Learnings about movement-making in Chi Alpha

by Patrick Tan

This week I was asked to share the morning devotion. I thought of a few topics that I could share, but as I prepare my exhortation, one message became clear. I felt that I need to share my learnings about serving in Chi Alpha Philippines. The following message was given to youth leaders last National Youth Leaders Summit of PGCAG on January 29, 2014.

This year is my 10th year serving in youth ministry as a youth minister. And I still remember in April 2004, fresh from graduating in UST architecture that I was struggling about my calling. I was 22 years old at that time. I found myself going up to Baguio to go to AIYS (Asian Institute for Youth Studies, 2nd batch). I took up Institute of Campus Ministry, not knowing what I was in for, because I always wanted to try something new (I’ve been serving in the youth leadership for some years now, but not as youth pastor). There I met Kuya Sur, Ate Merla, Ate Afel, and Brian Lopez. And as they say, the rest was history. I received confirmation from God to be minister of the gospel. Never did I know that was the beginning of my journey in serving in Chi Alpha.

God gives each person a window of opportunity to fulfill what he was made for, not to bring glory to himself, but to God. We often call it now as a “kairos moment” or a time of opportunity. In the Bible, God invites ordinary people to take part in doing something extraordinary for God. I remember when Esther found herself in her make or break situation, God spoke through her uncle Mordecai saying, “And who knows but that you have come to your royal position for such a time as this?” (Esther 4:14) And like Esther, you are here because God raised you up to do something special for Him in this season. The question would you be bold enough to take that window of opportunity to be used by God for His greater glory. Would you be faithful to take the movement to the next generation?

Here are five things I’ve learned about movement-making as I served in Chi Alpha. This is not an exhaustive list, it may also be incomplete, but these are some principles that could help someone who are serving in movements.

Continue reading “Learnings about movement-making in Chi Alpha”


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Prayer and Spiritual Awakening

By Sammy Tippit, from The Prayer Factor, 1988

“Oh, that Thou wouldst render the heavens and come down.” Isaiah 64:1

The Christian church has a tremendous history of revivals and evangelism. There have been times, however when it seemed as though a cloud of darkness hovered over the church. The church appeared to lose her effectiveness and even her message. She seemed to lose her saltiness, and her light burned dimly.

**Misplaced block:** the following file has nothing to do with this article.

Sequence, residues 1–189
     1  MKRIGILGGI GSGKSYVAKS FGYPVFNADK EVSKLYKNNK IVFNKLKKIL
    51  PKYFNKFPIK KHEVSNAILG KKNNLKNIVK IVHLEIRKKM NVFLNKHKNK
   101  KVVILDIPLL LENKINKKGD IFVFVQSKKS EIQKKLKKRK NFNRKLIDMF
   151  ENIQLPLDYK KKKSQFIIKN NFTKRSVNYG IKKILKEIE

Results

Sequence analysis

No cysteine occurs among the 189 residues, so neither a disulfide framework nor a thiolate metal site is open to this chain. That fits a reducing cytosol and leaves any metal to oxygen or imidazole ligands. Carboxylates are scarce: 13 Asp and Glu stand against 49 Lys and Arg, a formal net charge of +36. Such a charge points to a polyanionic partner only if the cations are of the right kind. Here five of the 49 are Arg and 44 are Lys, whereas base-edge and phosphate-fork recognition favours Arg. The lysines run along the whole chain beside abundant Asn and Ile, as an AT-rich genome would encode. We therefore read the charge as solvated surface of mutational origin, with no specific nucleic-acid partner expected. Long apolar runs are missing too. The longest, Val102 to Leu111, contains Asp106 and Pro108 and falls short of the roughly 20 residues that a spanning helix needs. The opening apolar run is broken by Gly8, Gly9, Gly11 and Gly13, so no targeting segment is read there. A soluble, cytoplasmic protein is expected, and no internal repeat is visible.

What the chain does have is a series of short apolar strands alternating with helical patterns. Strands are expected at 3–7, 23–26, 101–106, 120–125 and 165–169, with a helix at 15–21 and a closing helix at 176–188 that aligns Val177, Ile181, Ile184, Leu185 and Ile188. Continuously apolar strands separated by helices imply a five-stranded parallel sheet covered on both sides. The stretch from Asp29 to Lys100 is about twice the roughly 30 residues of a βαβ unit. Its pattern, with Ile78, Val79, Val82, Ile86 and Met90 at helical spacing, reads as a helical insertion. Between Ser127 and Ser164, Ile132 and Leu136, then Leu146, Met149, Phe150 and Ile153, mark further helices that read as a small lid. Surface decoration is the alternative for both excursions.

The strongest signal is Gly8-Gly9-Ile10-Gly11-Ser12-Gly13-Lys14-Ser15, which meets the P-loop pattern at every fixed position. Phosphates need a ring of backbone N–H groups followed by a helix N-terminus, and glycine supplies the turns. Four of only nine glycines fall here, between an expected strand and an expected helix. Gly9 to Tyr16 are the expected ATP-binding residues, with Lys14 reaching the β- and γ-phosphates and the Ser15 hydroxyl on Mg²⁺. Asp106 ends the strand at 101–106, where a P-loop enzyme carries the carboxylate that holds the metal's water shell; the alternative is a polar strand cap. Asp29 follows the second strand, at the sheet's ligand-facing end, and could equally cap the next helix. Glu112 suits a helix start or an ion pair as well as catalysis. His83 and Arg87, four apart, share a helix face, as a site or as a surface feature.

During those times of spiritual apathy and darkness the Holy Spirit would quietly stir in the heart of an individual or in the hearts of a small group of people. He would call them to prayer. The brightness of the glory of God would begin to dispel the darkness in the days that followed. Mighty preachers would be raised out of nowhere. The Word of God would thunder forth in mighty power. Souls would set aflame for the glory of God. Prayer initiated revival, and revival initiated prayer.

An apparent correlation exists between a movement of prayer and spiritual awakening. In some instances it is difficult to tell which came first. That is because spiritual awakening and prayer have the same focus: God. Revival is simply the manifest presence of God among His people. It is a special visitation of the Holy Spirit to His church.

True prayer is the method by which the Christian comes before the presence of God. Consequently, a praying Christian will be a revived Christian, and a church that seeks the face of God will be one that knows the glory of God. Martyn Lloyd-Jones witnessed God’s presence in his congregation in South Wales. He was a student of the great awakenings and revivals of past days. He stated that the great need of the church is that of a knowledge of the glory of God. He said, “There is no doubt but that 99.9 percent of our troubles as Christians is that we are ignorant of God. We spend so much time in feeling our own pulse, taking our own spiritual temperature, considering our moods, and states and fears. Oh, if we but had some conception of Him, the inconceivable glory of God.”

The great need of the church in this generation is the manifest glory of God. We need men and women with the mark of God’s glory upon their lives. Our pulpits need to be set aflame by men who have seen the King of glory in their secret chambers of prayer. Our pews need people to fill them whose hearts long for God’s manifest presence in their lives. The need exists for men and women who are like Jesus because they have been with Jesus. Revival is when God is known as God of our lives, homes, churches, and communities.